Security | Threat Detection | Cyberattacks | DevSecOps | Compliance

Open Source

CRYSTALRAY: Inside the Operations of a Rising Threat Actor Exploiting OSS Tools

The Sysdig Threat Research Team (TRT) continued observation of the SSH-Snake threat actor we first identified in February 2024. New discoveries showed that the threat actor behind the initial attack expanded its operations greatly, justifying an identifier to further track and report on the actor and campaigns: CRYSTALRAY. This actor previously leveraged the SSH-Snake open source software (OSS) penetration testing tool during a campaign exploiting Confluence vulnerabilities.

Managing Open Source Costs: The CISOs Guide to Efficient and Effective Security Operations

Open source software offers numerous benefits, including flexibility and cost savings, but managing, maintaining, and scaling these tools can become a significant burden for CISOs. As open source solutions proliferate within your organization, the associated costs and complexities can spiral out of control. This webinar will address the challenge of managing open source costs and how LimaCharlie can provide the efficiencies needed to keep these expenses in check.

Quantifying the Probability of Flaws in Open Source

Jay Jacobs and I recently delivered an RSA presentation called Quantifying the Probability of Flaws in Open Source. Since many people didn’t get a chance to see it, I thought I’d summarize some of the findings here for posterity. The question we investigated was simple, at least conceptually: what are the red flags of an open-source repository? Are there characteristics of a given open source library that would reliably indicate it was safer than others?

CVE-2024-6387: Critical Remote Code Execution Vulnerability in OpenSSH

On July 1, 2024, OpenSSH released fixes for CVE-2024-6387, a vulnerability in OpenSSH’s server (sshd) on glibc-based Linux systems allowing for potential Remote Code Execution (RCE). OpenSSH is a widely-used suite of secure networking tools based on the SSH protocol, providing encryption for secure communication and file transfers, and is essential for remote management on Unix systems. CVE-2024-6387 is a signal handler race condition that allows unauthenticated Remote Code Execution (RCE) as root.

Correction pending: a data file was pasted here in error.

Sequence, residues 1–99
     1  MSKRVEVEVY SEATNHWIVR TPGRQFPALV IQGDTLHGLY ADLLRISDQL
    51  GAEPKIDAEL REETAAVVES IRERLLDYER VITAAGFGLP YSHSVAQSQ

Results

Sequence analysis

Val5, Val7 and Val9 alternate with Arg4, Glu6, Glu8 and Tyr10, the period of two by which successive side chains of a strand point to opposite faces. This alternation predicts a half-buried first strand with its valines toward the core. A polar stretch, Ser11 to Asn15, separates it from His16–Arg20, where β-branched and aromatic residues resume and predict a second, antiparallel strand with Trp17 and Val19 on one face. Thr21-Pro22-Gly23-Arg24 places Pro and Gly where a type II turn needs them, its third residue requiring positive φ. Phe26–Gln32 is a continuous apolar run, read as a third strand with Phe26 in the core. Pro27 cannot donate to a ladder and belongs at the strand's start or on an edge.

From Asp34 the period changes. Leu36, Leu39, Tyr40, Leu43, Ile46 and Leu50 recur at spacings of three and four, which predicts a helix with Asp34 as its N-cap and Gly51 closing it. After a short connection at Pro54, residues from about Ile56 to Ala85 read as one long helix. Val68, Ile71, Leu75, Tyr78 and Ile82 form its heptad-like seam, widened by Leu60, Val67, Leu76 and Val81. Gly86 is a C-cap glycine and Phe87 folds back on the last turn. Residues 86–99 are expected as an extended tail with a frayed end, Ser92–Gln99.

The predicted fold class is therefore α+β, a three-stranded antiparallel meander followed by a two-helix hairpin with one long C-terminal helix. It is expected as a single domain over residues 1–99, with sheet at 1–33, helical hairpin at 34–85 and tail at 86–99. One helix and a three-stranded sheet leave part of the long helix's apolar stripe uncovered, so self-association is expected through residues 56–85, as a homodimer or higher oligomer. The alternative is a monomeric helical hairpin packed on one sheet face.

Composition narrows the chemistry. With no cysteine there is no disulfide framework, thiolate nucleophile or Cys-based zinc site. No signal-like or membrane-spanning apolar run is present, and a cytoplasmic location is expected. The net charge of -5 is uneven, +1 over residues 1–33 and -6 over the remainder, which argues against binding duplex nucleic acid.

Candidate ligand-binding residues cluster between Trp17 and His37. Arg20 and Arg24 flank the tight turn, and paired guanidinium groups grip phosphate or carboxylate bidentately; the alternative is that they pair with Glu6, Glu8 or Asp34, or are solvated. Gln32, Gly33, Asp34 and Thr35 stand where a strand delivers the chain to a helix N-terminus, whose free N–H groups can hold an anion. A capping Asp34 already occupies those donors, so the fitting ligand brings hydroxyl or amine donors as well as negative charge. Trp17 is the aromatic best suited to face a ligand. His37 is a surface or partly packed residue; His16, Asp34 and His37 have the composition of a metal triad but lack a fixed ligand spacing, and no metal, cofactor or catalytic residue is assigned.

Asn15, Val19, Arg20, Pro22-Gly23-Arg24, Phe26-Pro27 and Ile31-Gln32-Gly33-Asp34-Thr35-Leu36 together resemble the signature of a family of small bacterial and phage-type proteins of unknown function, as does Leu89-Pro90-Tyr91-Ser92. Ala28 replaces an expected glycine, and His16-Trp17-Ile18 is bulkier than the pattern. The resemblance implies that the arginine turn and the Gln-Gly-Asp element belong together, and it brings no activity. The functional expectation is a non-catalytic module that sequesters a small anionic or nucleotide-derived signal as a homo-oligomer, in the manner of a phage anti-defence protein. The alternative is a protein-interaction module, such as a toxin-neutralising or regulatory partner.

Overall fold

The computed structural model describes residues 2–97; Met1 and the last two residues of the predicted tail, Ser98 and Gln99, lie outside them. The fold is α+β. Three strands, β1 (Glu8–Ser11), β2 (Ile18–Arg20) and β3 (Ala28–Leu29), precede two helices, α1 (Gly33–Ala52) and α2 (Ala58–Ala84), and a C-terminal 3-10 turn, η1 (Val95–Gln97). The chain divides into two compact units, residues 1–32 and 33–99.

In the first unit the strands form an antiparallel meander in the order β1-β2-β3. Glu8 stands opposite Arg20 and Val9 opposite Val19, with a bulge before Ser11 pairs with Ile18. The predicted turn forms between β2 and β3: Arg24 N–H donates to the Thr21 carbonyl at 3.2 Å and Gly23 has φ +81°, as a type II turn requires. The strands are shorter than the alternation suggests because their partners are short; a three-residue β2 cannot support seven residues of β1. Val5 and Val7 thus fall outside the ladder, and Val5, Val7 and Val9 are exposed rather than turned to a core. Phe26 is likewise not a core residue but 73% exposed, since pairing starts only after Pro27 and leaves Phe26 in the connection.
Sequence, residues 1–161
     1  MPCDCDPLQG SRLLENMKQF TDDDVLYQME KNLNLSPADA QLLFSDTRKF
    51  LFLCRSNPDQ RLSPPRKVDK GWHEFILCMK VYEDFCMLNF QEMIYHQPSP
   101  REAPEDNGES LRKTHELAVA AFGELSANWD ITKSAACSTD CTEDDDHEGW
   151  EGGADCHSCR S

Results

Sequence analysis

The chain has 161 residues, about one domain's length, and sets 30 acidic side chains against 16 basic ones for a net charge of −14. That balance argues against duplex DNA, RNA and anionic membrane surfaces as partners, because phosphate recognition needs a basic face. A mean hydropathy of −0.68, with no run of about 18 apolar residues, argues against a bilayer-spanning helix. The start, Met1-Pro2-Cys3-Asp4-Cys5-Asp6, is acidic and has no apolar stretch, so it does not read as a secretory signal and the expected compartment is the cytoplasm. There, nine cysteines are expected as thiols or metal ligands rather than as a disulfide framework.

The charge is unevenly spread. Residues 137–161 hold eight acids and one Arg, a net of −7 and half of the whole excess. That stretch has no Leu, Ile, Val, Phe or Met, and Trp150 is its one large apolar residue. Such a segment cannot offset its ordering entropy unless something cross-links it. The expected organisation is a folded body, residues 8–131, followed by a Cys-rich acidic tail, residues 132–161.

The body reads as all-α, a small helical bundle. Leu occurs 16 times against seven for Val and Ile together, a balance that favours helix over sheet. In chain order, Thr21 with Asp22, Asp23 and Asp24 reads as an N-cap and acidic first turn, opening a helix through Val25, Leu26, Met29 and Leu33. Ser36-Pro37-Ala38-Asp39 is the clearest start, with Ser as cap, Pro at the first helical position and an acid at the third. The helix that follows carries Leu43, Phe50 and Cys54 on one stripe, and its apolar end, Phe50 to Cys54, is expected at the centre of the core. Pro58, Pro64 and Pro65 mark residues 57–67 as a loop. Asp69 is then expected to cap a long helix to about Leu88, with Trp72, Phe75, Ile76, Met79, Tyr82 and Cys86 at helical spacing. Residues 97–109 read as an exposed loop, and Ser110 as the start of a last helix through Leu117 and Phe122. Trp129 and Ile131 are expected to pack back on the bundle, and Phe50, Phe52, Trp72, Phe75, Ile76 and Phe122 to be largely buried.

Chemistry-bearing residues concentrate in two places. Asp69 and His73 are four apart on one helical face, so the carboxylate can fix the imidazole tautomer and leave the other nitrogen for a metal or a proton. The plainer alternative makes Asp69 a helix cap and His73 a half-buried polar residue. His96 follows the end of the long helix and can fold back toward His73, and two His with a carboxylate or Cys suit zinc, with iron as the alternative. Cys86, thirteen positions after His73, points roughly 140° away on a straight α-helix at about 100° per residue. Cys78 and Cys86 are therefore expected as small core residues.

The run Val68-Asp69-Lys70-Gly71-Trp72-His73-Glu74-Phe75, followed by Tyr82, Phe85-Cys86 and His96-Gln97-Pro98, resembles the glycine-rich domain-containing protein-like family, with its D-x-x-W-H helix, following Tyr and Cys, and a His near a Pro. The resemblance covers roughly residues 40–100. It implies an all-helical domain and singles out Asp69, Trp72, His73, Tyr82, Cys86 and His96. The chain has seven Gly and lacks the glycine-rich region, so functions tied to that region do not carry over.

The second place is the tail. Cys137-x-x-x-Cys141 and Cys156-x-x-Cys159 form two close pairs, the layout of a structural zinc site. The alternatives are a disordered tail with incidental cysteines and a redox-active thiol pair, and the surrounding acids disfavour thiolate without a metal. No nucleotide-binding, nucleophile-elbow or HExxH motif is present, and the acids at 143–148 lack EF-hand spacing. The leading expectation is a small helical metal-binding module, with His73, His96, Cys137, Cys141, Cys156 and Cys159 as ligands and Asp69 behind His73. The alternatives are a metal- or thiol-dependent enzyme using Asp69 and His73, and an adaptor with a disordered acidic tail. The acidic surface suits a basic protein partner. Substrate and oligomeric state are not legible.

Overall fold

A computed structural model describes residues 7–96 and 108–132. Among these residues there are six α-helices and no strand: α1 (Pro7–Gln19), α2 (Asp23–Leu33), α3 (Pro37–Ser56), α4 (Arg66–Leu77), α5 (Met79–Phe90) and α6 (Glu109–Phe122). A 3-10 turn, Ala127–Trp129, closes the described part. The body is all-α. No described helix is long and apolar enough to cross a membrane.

Quick start guide for using Calico policies for Calico Open Source users

Calico policies are a way to enforce network security at the pod level. This blog post will provide a comprehensive overview of Calico policies for Calico OS (Open Source) users. We will cover the basics of Calico policies, including what they are, how they work, and how to use them. We will also provide best practices for using Calico policies and examples of how they can be used in real-world scenarios.

Quick Guide to Popular AI Licenses

Only about 35 percent of the models on Hugging Face bear any license at all. Of those that do, roughly 60 percent fall under traditional open source licenses. But while the majority of licensed AI models may be open source, some very large projects–including Midjourney, BLOOM, and LLaMa—fall under that remaining 40 percent category. So let’s take a look at some of the top AI model licenses on Hugging Face, including the most popular open source and not-so-open source licenses.

How we differentiate ARMO Platform from Open Source Kubescape

In August 2021 we launched Kubescape with a mission to make Kubernetes security open source, simple, and available for everyone, even non-security engineers. Since then we have been working on adding new capabilities to Kubescape, while building a strong community around it. The acceptance of Kubescape by the CNCF, as a sandbox project, was an important milestone for ARMO’s open-source journey with Kubescape.

DIY guide: 'Build vs buy' your OSS code scanning and app security toolkit

You’re confident in your development chops—confident enough to know the apps you’ve built aren’t completely free of security and configuration flaws. You’ve also researched the deep ecosystem of scanning tools available and perhaps got overwhelmed by the sheer volume of choice. What’s the right “portfolio” of open-source app security tools to identify vulnerabilities in your dependencies, Infrastructure as Code (IaC) configurations, containers, and more?

Securing open source infrastructure - Log all the things

The last time we wrote about open source software (OSS) for security, we explored how community-driven innovation addresses security problems stemming from the rapid pace of business-driven technological advancements. We posed the question: Can open source security solutions adequately secure and protect the OSS that modern businesses depend on?